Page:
Why Does It Take So Long?
Entitlements are essentially the government approvals for proposed projects, with these approvals being voted on by the political bodies in government – typically the planning commission or city council. Detailed construction drawings and building permits are issued later, with the process administered by the city staff departments. Typically, the documents being presented for entitlements are referred to as the preliminary engineering, with the idea that the more expensive detailed engineering will commence only after you know that these political bodies have approved your project.
In some regions and specific local jurisdictions, the entitlement process can go very quickly. It is not completely unheard of that you could be getting your approvals six months after commencing the project design. Here in California, most developers will estimate a 12 to 18-month schedule for entitlements, assuming that the local jurisdiction is fairly pro-development and the project does not come with a lot of controversy and opposition. And then in some cases, the entitlement schedule might span 3 to 4 years – or longer.
So why does the entitlement process take more than 12 months? To begin with, the consultants may take 2 – 3 months to prepare the project design and necessary documents that accompany the application to the city. The city planning department (Planning), which is usually the point of contact for entitlements, may take the first 30 days just to review your application and documents. Very often Planning will deem your application incomplete and request additional information. Another 2 weeks go by as you gather the information and provide it to Planning to complete the application.
Next, Planning distributes your project for review to various other city departments, such as Engineering, Traffic, Fire, Police, Utilities, and so forth. Comments are provided through Planning back to the developer, which is usually in the form of requested revisions or need for more information. This process can go on for 3 to 4 months quite easily, and now you are 8 to 9 months into the project from the day you started project design.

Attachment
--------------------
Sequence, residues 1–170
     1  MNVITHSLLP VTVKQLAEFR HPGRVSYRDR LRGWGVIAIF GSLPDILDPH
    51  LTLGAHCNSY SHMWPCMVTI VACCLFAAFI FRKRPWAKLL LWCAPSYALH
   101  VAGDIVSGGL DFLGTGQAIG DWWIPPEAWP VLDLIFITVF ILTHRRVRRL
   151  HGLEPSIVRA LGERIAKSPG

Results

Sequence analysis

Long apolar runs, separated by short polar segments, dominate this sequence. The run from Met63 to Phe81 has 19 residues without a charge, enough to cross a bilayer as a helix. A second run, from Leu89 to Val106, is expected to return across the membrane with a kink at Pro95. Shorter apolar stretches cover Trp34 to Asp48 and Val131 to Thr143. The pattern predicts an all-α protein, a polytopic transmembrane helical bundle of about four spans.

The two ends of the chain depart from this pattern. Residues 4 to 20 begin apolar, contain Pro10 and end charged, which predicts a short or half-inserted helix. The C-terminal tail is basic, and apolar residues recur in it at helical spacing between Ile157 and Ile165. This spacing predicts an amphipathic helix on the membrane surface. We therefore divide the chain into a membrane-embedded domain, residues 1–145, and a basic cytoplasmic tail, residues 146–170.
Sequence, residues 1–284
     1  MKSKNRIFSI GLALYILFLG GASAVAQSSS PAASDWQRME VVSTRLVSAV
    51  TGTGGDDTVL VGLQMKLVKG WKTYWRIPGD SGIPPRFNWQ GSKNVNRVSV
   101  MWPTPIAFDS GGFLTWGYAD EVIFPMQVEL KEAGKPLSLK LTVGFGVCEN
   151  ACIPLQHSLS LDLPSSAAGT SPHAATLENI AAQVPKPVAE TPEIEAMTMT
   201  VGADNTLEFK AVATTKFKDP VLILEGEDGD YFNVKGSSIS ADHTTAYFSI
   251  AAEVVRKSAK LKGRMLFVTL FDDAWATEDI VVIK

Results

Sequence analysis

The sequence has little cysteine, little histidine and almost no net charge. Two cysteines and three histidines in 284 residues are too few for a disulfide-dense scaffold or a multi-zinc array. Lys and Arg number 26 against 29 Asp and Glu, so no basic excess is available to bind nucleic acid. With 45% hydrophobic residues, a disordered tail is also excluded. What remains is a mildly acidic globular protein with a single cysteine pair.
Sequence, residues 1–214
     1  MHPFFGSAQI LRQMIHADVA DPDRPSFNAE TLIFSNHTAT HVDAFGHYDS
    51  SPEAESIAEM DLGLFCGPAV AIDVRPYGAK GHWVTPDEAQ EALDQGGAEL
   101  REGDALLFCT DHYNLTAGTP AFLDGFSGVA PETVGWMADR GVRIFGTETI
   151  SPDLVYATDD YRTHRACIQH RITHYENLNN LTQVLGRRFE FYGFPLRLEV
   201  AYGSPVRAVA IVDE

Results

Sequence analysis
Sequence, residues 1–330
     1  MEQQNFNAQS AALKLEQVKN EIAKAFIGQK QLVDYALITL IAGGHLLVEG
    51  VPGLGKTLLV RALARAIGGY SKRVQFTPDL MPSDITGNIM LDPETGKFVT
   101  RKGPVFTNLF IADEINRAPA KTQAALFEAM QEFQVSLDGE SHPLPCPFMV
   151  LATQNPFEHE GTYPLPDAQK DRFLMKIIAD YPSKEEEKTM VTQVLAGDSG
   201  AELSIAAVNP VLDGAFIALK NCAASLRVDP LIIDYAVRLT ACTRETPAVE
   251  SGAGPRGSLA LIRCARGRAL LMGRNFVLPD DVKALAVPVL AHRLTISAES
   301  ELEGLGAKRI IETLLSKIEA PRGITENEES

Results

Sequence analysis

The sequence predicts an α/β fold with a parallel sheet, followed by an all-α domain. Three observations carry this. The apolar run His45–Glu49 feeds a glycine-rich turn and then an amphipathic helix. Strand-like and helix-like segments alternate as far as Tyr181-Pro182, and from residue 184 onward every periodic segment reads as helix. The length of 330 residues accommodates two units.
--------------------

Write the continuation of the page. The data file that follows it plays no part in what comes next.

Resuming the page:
The review by Planning and these other departments is also known as “staff review”. Depending on the jurisdiction and project complexity, this staff review can tend to be the longest part of the process. Once the staff review is complete, Planning will write a staff report that summarizes their review, findings, and recommendations – with this report being presented to the planning commission and city council. It may take 6 to 8 weeks to complete this staff report and put on the next planning commission agenda. And then city council may vote on the project 2 to 4 weeks later. Now you have another 3 months just to get through this political process.
Add another month for an appeals period, and the schedule has now reached 12 months plus. If more hiccups along the way, the schedule can get to 18 months before you know it.
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